I previously incorrectly understood how the shutter curtains work. I thought they move at so high speed that e.g. at 1/4000 s shutter speed, the first curtain first opens very quickly, the shutter is open for 1/4000 s and the second curtain closes very quickly.

However, I was recently told that at 1/4000 s shutter speed, the curtains move really slow and there is only a small moving slit between the first and second curtains.

My camera, a Canon EOS RP, however, has electronic first curtain shutter. The second curtain is mechanical.

How does this electronic first curtain shutter actually work?

My first understanding of it was simply that it globally connects all of the CMOS photosites to ground (so all pixels have the RST line active using the terminology of Wikipedia's CMOS sensor page), and then the RST is deactivated simultaneously across the whole sensor area.

However, if the second curtain is moving slowly, obviously the first curtain has to be moving slowly too.

So, my current understanding is that the RST lines are first active, and then gradually deactivated on a row-by-row basis, so that the row where reset is to be deactivated moves exactly at the same rate as the mechanical second curtain moves.

Is this current understanding correct? I think this current understanding would avoid the severe rolling shutter effect of electronic second curtain. The only problem would be to match the movement of the electronic first curtain very accurately to the movement of the mechanical second curtain.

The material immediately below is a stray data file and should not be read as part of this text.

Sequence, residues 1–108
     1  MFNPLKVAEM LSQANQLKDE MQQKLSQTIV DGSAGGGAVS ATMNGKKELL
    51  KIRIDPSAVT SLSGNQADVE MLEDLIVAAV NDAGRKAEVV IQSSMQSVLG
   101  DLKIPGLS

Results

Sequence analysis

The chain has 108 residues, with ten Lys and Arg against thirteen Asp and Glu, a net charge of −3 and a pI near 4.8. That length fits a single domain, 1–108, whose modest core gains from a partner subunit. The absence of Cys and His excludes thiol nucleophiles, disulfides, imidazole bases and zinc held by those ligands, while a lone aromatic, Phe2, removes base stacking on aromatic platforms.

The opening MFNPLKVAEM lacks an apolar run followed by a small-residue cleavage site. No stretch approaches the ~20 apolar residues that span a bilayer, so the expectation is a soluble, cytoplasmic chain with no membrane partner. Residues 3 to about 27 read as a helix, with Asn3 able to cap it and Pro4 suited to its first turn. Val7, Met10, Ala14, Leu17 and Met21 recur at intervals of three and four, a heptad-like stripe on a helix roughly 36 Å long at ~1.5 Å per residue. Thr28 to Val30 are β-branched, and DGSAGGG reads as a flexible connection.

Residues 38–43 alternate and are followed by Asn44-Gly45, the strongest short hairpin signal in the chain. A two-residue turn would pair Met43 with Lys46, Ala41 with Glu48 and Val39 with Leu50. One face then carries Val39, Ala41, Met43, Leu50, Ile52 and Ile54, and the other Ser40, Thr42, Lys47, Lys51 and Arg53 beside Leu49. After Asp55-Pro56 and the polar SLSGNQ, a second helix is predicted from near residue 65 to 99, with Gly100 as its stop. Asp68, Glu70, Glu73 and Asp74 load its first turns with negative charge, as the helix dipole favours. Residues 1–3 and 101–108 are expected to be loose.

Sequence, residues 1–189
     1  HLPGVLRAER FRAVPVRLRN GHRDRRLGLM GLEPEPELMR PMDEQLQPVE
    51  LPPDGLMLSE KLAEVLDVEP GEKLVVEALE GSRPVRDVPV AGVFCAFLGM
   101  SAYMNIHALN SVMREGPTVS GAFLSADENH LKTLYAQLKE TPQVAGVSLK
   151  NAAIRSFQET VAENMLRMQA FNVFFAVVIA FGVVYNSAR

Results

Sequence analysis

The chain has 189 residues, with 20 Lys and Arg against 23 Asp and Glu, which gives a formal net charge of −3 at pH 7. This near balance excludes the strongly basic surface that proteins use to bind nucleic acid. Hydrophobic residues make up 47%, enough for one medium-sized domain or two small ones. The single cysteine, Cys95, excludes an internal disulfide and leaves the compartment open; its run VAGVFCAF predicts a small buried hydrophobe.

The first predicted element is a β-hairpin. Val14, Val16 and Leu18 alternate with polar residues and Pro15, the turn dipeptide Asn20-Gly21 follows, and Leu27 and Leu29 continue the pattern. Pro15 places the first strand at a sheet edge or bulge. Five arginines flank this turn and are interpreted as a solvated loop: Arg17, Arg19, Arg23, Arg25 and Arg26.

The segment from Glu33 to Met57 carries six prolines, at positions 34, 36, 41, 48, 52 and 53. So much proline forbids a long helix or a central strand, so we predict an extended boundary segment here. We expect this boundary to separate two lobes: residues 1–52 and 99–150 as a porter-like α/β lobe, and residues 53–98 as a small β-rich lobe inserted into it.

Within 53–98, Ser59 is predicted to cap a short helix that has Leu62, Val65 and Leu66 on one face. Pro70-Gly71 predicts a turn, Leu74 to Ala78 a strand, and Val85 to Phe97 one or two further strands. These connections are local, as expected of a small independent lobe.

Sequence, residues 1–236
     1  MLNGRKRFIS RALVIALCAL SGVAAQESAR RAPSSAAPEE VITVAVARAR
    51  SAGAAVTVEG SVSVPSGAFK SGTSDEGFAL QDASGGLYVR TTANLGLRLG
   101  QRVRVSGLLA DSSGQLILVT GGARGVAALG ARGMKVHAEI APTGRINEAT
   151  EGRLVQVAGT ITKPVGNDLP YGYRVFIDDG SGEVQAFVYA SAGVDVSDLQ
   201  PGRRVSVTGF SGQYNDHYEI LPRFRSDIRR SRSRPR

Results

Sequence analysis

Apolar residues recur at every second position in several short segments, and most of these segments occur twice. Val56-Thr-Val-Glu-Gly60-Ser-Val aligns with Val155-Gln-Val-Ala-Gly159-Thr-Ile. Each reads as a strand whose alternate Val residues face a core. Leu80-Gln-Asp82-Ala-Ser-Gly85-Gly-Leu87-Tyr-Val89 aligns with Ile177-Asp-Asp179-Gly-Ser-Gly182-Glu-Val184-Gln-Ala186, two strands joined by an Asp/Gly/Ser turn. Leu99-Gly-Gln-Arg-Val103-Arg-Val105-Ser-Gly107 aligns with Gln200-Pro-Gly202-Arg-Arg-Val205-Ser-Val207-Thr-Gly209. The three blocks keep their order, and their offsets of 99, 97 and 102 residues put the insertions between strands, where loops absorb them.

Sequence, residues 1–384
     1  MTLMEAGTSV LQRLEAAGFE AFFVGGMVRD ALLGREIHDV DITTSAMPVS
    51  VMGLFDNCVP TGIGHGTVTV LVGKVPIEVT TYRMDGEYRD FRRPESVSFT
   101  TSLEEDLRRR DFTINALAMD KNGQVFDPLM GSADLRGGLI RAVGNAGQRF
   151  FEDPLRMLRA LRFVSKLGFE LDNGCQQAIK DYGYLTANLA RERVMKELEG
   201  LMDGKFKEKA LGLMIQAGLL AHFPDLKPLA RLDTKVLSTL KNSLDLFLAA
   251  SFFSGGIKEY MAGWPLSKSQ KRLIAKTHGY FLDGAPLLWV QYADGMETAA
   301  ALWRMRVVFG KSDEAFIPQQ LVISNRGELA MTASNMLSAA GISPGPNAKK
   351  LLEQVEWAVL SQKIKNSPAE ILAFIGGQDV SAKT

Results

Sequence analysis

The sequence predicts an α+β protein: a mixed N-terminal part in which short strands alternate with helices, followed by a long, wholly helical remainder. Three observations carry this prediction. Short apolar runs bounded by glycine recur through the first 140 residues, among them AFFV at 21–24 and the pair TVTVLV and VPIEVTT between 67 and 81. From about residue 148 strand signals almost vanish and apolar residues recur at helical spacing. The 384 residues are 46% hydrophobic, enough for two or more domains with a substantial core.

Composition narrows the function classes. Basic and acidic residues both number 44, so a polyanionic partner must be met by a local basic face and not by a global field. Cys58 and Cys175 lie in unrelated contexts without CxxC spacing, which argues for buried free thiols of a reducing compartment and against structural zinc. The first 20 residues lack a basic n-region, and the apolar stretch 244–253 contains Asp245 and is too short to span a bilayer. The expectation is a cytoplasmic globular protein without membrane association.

This current understanding would also explain why the second curtain is mechanical, i.e. CMOS photosites have no way to be stopped while maintaining the current charge, apart from covering them with a mechanical curtain, and you can't read the whole sensor area in few milliseconds.


I think if you read the manual you will find that the electronic first curtain/mechanical second curtain function is only available at SS's below shutter curtain transit time/flash sync (~ ≤ 1/250). And at higher SS's it is functioning as a completely electronic shutter... which is rolling readout, not global.

The rolling readout electronic shutter works by activating/deactivating/reading lines in sequence, simulating the slit opening of a fully mechanical shutter. It is basically recording one frame of video/live view output.

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  • How does that apply to other cameras (eg Sony a6000) in which half the shutter noise is always heard even at high speeds? – rackandboneman Jul 24 '19 at 21:48
  • IDK what you mean by "half the shutter noise." On a mirrorless camera you can have up to three types of shutter function... silent (rolling readout), electronic first curtain, or fully mechanical (slit). The fully mechanical shutter is required to sync with flash and to eliminate the rolling shutter effect (warping). But you won't have the "other half" of the noise common with a DSLR, which is the mirror slap. AFAIK, the Sonys all have a fully mechanical shutter capability. Apparently the EOS RP does not. – Steven Kersting Jul 25 '19 at 14:23
  • What I meant is, unless this is Canon specific, why are eg Sony cameras (unless it is a model featuring full electronic shutter) not silent at any speed? – rackandboneman Jul 26 '19 at 0:35

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